I got married...
and had an art show instead of a wedding.
In 2012 I met a scruffy, brooding printmaker named Steve. He sings to himself with headphones on (loudly), cooks knock-out breakfasts, and shares his cats with me. I love him. He popped the question (what's my favorite Bjork album?) in 2014 and we got married in May 2015.
On a dock in the middle of a lake. Officiated by a prof we had in grad school. Only our moms were invited. (Our cats were pretty pissed). Then we hopped a plane to Ireland and began planning the non-wedding we really wanted!
So when you get married and don't have a full-blown wedding, lots of people get pissed (not just your cats). My best friends were sad, one of which had been planning her maid-of-honor activities for years. Our moms suddenly had all this built up bridal-shower-planning, guest-list-making, bed-bath-and-beyonding energy with no outlet. And honestly, we felt like we deserved a HUGE party just for jumping through all the bureaucratic hoops at the county clerks office. (Note to future brides: be absolutely sure you know where your parents were born, the exact name and correct spelling of the town, and that of your future husband's parents, they make you list that shit!) We also knew we couldn't stomach the formality of a traditional ceremony and reception, so after many vibrant discussions, we decided to do what we would have been doing in our free time anyway--host an exhibition of fine art, performance, and food (with an open bar of course). And in August 2015, we celebrated our marriage with our family and friends and their artwork at the Urban Institute of Contemporary Art in Grand Rapids, MI. Thirteen artists participated, all of which were specifically invited because of the role they play in our lives--one of Steve's dearest friends from college collaborated on a drawing of his home with his family including his 18 month old daughter; my four high school girlfriends made a collage, middle-school-style with magazine clippings and old photos; and our fellow artists went all out with highly conceptual and technically executed installations.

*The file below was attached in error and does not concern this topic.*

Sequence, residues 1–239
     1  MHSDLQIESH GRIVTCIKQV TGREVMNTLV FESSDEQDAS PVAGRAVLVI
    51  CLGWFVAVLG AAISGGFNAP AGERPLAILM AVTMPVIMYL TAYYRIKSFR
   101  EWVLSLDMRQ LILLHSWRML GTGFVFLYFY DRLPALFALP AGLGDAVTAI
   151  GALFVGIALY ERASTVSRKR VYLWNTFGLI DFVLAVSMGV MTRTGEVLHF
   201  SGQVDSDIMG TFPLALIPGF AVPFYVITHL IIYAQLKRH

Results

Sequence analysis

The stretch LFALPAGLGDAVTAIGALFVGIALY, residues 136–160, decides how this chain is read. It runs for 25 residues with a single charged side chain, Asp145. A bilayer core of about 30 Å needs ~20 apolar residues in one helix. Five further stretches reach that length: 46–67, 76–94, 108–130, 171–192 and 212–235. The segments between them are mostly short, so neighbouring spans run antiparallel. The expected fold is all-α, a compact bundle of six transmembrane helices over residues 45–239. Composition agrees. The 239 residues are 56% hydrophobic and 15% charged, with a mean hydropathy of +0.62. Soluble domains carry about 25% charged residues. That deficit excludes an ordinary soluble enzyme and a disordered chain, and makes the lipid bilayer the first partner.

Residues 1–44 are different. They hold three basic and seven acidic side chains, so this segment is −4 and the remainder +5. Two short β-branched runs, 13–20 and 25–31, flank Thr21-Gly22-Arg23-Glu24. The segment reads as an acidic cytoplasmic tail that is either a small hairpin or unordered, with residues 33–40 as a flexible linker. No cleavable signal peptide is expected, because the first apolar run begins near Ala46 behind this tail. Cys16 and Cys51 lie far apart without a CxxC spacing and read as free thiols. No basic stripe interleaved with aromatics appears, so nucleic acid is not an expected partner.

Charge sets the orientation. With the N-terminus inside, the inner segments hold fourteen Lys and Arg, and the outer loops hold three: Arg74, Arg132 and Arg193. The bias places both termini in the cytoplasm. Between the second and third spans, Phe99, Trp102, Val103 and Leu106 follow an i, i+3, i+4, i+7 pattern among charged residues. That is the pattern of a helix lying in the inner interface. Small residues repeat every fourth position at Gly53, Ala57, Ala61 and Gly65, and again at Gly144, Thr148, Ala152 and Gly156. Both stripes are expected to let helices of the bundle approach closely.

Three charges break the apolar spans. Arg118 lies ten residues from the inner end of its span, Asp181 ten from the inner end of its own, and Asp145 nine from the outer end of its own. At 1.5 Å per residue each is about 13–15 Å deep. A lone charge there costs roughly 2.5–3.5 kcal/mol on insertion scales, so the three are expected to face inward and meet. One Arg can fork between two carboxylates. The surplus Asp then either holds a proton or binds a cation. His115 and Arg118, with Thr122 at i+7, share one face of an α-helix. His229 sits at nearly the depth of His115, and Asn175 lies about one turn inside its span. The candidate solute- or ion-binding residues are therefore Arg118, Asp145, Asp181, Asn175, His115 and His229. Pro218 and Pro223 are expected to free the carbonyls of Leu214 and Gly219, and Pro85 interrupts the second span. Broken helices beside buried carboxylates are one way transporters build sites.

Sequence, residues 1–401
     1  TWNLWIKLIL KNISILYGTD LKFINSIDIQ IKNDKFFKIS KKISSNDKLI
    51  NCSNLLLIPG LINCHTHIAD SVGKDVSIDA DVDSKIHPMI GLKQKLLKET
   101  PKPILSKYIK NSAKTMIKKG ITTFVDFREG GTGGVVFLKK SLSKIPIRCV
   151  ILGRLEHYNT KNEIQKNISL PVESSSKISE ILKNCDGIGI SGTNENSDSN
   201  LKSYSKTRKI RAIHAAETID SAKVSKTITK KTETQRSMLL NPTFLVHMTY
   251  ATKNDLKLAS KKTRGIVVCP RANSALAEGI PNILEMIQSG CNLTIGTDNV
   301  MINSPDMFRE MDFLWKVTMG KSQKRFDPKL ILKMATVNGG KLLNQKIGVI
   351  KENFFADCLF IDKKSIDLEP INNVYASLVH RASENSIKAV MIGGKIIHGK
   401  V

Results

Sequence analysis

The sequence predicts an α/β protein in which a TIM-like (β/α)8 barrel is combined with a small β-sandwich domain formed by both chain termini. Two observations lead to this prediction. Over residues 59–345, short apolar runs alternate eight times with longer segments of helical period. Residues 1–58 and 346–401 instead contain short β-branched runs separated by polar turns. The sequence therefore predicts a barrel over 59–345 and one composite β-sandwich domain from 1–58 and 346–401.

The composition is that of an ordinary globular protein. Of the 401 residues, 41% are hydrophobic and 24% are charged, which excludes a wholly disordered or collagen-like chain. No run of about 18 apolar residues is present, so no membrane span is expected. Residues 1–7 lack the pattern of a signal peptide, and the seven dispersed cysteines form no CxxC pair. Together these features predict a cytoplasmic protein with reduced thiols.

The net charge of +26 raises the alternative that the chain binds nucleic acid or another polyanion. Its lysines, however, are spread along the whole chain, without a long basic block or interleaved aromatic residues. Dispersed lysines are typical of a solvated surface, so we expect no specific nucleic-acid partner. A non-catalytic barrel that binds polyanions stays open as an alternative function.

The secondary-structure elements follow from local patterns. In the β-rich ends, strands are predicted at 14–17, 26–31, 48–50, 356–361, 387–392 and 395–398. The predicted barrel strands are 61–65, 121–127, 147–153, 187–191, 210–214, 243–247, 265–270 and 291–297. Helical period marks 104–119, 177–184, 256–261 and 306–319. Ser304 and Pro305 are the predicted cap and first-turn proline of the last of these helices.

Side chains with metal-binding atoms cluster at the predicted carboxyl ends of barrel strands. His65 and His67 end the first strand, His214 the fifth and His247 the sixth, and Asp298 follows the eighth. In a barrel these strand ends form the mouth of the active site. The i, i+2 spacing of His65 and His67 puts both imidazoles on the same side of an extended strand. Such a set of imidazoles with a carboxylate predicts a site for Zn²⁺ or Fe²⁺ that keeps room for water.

My girls still dressed in semi-matching formal wear and we all had our photograph taken, but our photographer was a student from my college (I'm an admissions counselor) and we chose him because of his background in fine art photography, not his commercial work. My graduate school thesis advisor chatted with our parents. Steve's uncle's wacky friend photo-bombed at least three pictures. Virtually, all the people I know and love in the world were in one place, just like a real wedding. And just like a real wedding, we never stopped moving. A live band played for the first few hours and another good friend of Steve's played an electronic sound and projection show at the end. Steve's great uncle John surprised us with a serenade and our BFFs gave maid-of-honor / best-man style speeches. We danced and laughed and drank and discussed the work on the walls. It was weird and sentimental and a complete success!